Corporate spending on computers and software gathered steam last quarter, bolstering sales and profit at Microsoft Corp., Intel Corp. and International Business Machines Corp.
Results from all three companies this week surpassed analysts’ predictions, with Microsoft saying yesterday that sales climbed to $17.4 billion in its fiscal fourth quarter. That topped the $17.2 billion average estimate of analysts. Intel’s revenue forecast for the current quarter, released a day earlier, also exceeded projections.
Companies are replacing aging desktop machines and equipping data centers to deliver computing over the Internet, via the so-called cloud. That’s fueling demand for new versions of Microsoft programs for businesses, more powerful chips from Intel and technology services provided by IBM. It’s also making up for sluggish PC buying from consumers in developed markets.
“What Intel said was the enterprise was strong, and that’s what you saw in the Microsoft numbers as well,” said Pat Becker Jr., a fund manager at Portland, Oregon-based Becker Capital Management Inc. His firm holds Intel and Microsoft shares among the $2.5 billion it has under management.
Net income in the fiscal period that ended in June rose 30 percent to $5.87 billion, or 69 cents a share, Redmond, Washington-based Microsoft said in a statement yesterday. That beat the 58-cent estimate of analysts surveyed by Bloomberg.
Microsoft rose 44 cents to $27.53 at 4 p.m. New York time on the Nasdaq Stock Market. Intel, based in Santa Clara, California, rose 32 cents to $23.13, while Armonk, New York-based IBM climbed 28 cents to $185.18 in New York Stock Exchange composite trading.
IBM’s second-quarter revenue, reported July 18, topped predictions. Other technology companies also have benefited from increased spending by businesses. Google Inc., the biggest Web-search company, said last week that ad prices are up because companies are more willing to spend to market online.
Microsoft, the world’s largest software maker, said companies are snapping up copies of Windows 7, Office software, and programs tailored for servers -- the powerful machines that outfit data centers.
The company also benefited from lower taxes. Its rate fell to 7 percent last quarter from 25 percent a year earlier because more earnings were taxed at lower rates in Ireland, Singapore and Puerto Rico, Microsoft said in a statement.
The rate explains much of the reason why results surpassed predictions, Chief Financial Officer Peter Klein said in an interview.
Unearned revenue -- which comes from multiyear contracts that isn’t recognized in the current period and indicates future sales -- was also higher than analysts projected. That figure was $17.1 billion, above the average estimate of $15.6 billion, according to Bloomberg data.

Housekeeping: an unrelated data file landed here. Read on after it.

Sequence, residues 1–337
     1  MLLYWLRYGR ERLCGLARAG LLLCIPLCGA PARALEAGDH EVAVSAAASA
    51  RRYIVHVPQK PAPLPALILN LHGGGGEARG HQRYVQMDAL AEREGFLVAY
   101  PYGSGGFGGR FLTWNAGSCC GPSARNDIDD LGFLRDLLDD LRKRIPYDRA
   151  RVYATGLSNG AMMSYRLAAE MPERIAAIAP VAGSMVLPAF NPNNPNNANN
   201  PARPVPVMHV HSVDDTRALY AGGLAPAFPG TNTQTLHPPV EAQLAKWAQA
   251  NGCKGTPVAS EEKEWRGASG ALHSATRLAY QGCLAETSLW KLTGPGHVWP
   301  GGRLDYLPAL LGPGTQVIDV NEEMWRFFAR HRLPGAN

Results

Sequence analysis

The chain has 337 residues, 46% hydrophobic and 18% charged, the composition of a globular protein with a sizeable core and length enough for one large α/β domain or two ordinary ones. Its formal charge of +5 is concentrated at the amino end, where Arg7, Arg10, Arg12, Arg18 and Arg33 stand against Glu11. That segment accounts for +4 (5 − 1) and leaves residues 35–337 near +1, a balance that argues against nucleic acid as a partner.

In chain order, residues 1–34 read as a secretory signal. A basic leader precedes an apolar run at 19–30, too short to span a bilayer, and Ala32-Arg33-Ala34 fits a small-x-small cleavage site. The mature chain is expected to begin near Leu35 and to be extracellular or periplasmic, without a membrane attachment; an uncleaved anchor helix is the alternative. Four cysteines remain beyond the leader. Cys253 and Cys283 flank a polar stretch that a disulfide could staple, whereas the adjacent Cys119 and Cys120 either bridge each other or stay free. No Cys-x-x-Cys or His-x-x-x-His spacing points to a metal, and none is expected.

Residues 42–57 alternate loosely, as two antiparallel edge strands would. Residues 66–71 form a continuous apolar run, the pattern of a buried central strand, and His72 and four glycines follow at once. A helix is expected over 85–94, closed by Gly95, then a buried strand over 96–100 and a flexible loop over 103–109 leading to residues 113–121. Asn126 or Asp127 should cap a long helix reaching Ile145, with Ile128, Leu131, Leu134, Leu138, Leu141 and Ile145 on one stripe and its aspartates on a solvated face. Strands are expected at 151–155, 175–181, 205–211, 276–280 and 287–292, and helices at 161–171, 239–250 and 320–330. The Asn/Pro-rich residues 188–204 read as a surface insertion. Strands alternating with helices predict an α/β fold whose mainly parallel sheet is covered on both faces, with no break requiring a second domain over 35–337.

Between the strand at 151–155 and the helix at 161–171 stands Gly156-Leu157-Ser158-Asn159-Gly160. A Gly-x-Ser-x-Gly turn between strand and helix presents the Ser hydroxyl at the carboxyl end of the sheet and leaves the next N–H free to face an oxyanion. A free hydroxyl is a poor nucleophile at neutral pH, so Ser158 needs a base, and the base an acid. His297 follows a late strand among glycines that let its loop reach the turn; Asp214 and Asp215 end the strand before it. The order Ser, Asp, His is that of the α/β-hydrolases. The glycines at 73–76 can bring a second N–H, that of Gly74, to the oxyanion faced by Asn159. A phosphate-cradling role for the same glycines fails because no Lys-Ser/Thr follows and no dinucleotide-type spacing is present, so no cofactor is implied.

“It implies a strong close to the end of the quarter from a bookings perspective, and that’s going to flow into revenue in the next couple of quarters,” said Tony Ursillo, an analyst at Loomis Sayles & Co., which manages $162.3 billion, including Microsoft shares. “The flywheel has a lot of energy.”
Microsoft saw higher demand for Windows PCs for corporations than those for consumers, Klein said. That trend will continue through the fiscal year that started July 1 as companies continue replacing older machines, he said.
Sales in Microsoft’s business unit, mostly from Office software, rose 7.5 percent to $5.78 billion, compared with the $5.7 billion analysts predicted.
Consumers Favor Tablets
Sales to large corporations were strong in part because Microsoft representatives pushed to close deals before the end of the fiscal year, as is often the case, Klein said.
Sales in Microsoft’s server software unit rose 12 percent to $4.64 billion.
Windows revenue fell less than 1 percent to $4.74 billion, missing the $4.8 million average estimate of analysts. That was the third-straight quarter that the division missed estimates.
Consumer demand for Windows PCs was also crimped by economic weakness in some parts of the world, Klein said. Some households are also favoring tablets over PCs, he said. That’s taking a toll on netbooks -- the stripped-down laptops that had been popular during the recession.
“There are macroeconomic constraints on spending,” he said. “We see it as specifically acute in netbooks, which continue to drop roughly 40 percent. Certainly tablets are part of it.”